The year-long process to change the way Public Transport was perceived at La Trobe University.

A research driven approach to building an app that people actually wanted to use.

Soham Adwani
Jan 4, 2017 · 16 min read

Notice: this article is going to be quite lengthy, as it is basically a summary of an entire year’s worth of work.

Let’s be honest, the public transport system in Melbourne isn’t the best. Don’t get me wrong, its great that it works (occasionally), especially for someone like me, who coming from a country like Indonesia has little to no inclination on how public transport systems should work. However, there are a lot of things that could be changed, and one of them is the way they handle their mobile apps.

The Backstory.

Firstly, let me preface this article by giving you a little back story into why we chose this to tackle this whole “public transport” issue. In the simplest of terms, it was assigned to us. We started this project a little under a year ago, as part of our 3rd year IT project. There were 8 possible projects on the board for us to choose (and by choose I mean vote on the one we want and see if they’ll actually give it to us). It just so happens that this was the one that stood out to us. The client, ICT at Latrobe, was never very specific on what the requirements were to be, instead they were generous enough to give us free creative control on what the product should look like and what aspects it should tackle. So essentially, we had two things to consider when starting;

  1. To create something that encompasses all the public transport services around La Trobe University’s 5 campuses
  2. There would be a kiosk of unknown dimensions, which means it has to be responsive (and seeing as it’s 2016, that’s pretty much a given anyway).

The Existing Services.

Public transport apps are a dime a dozen. This was both a good thing and a bad thing for us. A good thing because there was already all this research that people had done, all these apps had proven themselves and had essentially created a set of “standard operating procedures” for public transport apps. Bad, because, well all these apps were out there, which meant that to stand out, we’d have to do something they weren’t, in a way they weren’t.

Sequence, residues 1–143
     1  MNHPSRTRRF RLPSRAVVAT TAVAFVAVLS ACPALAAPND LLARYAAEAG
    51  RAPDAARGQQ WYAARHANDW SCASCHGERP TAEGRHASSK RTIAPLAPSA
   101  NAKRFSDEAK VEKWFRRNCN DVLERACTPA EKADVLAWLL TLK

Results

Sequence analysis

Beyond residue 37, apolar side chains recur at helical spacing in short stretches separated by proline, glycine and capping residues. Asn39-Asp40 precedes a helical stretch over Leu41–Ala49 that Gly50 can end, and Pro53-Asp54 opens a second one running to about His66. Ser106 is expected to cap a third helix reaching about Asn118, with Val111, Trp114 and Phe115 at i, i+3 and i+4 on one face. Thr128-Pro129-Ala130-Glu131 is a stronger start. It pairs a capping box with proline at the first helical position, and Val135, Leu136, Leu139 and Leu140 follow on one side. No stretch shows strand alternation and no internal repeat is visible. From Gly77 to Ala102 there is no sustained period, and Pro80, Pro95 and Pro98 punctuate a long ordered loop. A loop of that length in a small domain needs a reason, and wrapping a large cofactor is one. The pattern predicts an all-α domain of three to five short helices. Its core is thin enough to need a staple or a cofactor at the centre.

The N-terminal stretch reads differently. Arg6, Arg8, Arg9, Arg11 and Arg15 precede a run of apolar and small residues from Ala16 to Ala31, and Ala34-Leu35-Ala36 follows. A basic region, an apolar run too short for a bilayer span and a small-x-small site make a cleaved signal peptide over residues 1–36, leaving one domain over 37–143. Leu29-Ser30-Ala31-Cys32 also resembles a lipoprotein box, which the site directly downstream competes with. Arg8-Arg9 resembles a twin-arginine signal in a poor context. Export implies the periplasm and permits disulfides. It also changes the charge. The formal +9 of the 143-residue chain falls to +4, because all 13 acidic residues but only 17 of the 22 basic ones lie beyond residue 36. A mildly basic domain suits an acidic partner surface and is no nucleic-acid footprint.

Without a doubt, the most used public transport app in Victoria at the moment, is the official PTV (Public Transport of Victoria) application. There’s one problem with the app, it’s not very pleasing to use. It’s overloaded with features, most of who’s functions aren’t easily discernible. In addition to that it’s flow is somewhat tedious and annoying. So much so that most people we spoke to over our time developing this app claimed that they had just given up on the app and switched to just reading the timetables on the bus stops and trying to remember them. The messy and clunky flow that I speak of extends to their website, which is good if you want detailed information, but not that good if you just want to jump on and check what time your next bus or train is, as most university students want to.


So we sort of had the idea that people didn’t like the current PTV app, but that really wasn’t enough to go on. There were 2 other teams working on the same problem as us, so not only did we have to come up with a good solution, we had to come up with one that was better than our competition.

The simple presence of competition in this whole situation had unnerved some of our teammates. There was a sense of urgency, and a lot of push from outside parties to “just start building”. However, we knew that in order to stand out, there was a lot more we needed to know about our problem before we could just build it. So before we could design the best solution, there was something else we needed to design, a questionnaire.

9 hours and a lot of red-bull later, we had our solution. The perfect questionnaire, 8 questions long, but the right 8 questions, that would have encompassed everything we needed to know about what our fellow students wanted from a public transport app, what they didn’t want and what they might have liked. Writing a questionnaire was only the first part though, because what good is a questionnaire if we don’t have people to answer it.